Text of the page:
.NET Parallel Programming

All about Async/Await, System.Threading.Tasks, System.Collections.Concurrent, System.Linq, and more…

Are you using the CCR? We’d love to hear about it.

Are you using the CCR (Microsoft Robotics' "Concurrency & Coordination Runtime") today in production applications or libraries, and in particular for non-robotics purposes?  If so, we’d love to hear about your experiences, and any and all information you’re willing to share would be very welcome.  What do you like ...
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FAQ :: Are all of the new concurrent collections lock-free?

(This answer is based on the .NET Framework 4.  As the details below are undocumented implementation details, they may change in future releases.)No.  All of the collections in the new System.Collections.Concurrent namespace employ lock-free techniques to some extent in order to achieve general performance benefits, but traditional ...

FAQ :: You talk about performance, speedup, and efficiency…what do you mean exactly?

All of these terms are overloaded, even in the context of parallel computing.  However, we’ve used them extensively to describe how well our parallel algorithms and demo applications work.  And sometimes, we throw them around carelessly on the blog, forums, etc., so here are our general definitions.Performance is an attribute ...

FAQ :: The Debugger does not correctly handle Task exceptions?

The following code correctly observes and handles a Task exception and should print “gotcha!” to the console.  By default though, the Debugger will report a crash.Task t = Task.Factory.StartNew(() => { throw new Exception("poo"); }); try { t.Wait(); } catch (AggregateException) { Console.WriteLine("gotcha!"); } The issue ...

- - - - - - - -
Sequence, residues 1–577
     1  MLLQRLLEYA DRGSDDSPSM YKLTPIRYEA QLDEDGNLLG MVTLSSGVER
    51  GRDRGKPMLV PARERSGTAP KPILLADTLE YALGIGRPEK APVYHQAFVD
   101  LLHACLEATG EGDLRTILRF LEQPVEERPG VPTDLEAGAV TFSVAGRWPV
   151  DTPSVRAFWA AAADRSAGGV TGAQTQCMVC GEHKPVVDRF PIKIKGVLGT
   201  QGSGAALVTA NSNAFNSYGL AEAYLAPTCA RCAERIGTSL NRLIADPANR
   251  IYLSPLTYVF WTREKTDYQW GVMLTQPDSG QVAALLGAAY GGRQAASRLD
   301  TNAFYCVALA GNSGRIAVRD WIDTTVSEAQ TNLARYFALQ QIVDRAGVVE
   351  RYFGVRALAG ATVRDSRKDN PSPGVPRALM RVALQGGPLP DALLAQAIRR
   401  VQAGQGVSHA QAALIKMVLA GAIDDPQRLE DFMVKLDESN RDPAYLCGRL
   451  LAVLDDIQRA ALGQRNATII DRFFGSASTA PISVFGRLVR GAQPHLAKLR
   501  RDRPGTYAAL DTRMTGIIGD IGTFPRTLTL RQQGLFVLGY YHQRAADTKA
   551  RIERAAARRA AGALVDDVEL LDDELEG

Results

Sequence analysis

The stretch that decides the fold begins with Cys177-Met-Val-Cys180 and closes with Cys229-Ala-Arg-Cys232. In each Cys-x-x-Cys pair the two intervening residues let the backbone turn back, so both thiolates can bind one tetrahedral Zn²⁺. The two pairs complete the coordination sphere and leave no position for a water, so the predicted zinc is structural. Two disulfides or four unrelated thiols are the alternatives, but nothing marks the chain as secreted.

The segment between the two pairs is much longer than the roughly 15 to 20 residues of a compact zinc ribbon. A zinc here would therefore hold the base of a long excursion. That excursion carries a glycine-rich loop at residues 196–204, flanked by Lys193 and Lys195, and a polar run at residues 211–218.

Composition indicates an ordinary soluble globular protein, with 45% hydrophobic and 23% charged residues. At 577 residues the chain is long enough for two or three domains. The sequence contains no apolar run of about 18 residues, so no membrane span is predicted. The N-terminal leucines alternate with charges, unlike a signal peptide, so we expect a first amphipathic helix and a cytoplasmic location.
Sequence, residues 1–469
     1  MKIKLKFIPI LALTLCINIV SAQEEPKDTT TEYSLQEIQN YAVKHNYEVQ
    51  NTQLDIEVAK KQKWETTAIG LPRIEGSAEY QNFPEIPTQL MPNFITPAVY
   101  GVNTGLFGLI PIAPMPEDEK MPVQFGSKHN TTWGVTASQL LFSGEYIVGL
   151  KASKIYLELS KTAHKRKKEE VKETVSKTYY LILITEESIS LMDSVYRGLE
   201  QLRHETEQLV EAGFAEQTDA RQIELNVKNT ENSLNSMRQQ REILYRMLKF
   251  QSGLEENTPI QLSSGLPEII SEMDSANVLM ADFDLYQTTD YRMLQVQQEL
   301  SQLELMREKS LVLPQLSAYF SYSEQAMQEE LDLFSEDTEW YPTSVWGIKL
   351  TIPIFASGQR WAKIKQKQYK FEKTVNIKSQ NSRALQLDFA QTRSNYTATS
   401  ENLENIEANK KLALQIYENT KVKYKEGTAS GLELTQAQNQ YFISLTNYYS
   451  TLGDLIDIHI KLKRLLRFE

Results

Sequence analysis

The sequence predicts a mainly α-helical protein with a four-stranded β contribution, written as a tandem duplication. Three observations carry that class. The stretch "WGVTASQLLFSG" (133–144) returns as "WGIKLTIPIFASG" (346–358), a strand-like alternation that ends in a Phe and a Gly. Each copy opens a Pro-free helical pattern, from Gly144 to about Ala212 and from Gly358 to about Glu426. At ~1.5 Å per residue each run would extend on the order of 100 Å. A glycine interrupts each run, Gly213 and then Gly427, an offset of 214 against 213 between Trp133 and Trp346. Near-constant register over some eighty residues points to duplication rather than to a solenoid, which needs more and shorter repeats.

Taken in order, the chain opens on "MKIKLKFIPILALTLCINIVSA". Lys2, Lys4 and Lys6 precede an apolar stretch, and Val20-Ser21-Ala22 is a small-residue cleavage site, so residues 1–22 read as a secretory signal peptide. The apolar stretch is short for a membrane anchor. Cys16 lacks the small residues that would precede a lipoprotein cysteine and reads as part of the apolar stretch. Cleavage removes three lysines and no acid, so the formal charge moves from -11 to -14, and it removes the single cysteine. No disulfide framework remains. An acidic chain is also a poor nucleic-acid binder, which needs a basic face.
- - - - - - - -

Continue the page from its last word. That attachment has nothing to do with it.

ConcurrentDictionary’s support for adding and updating

ConcurrentDictionary<TKey,TValue> is a new type in the .NET Framework 4, living in the System.Collections.Concurrent namespace.  As noted in the MSDN documentation, ConcurrentDictionary “represents a thread-safe collection of key-value pairs that can be accessed by multiple threads concurrently.”  While ...

FAQ :: Why is the speedup not X on my X-way machine?

We’ll be regularly posting answers to frequently asked questions that we’ve gotten on the forum, internal email lists, etc.  Here’s the first – enjoy! Why is the speedup not X on my X-way machine?  Or, why does my parallel code run slower?  Less than ideal speedup can typically be attributed to two things: 1.  ...

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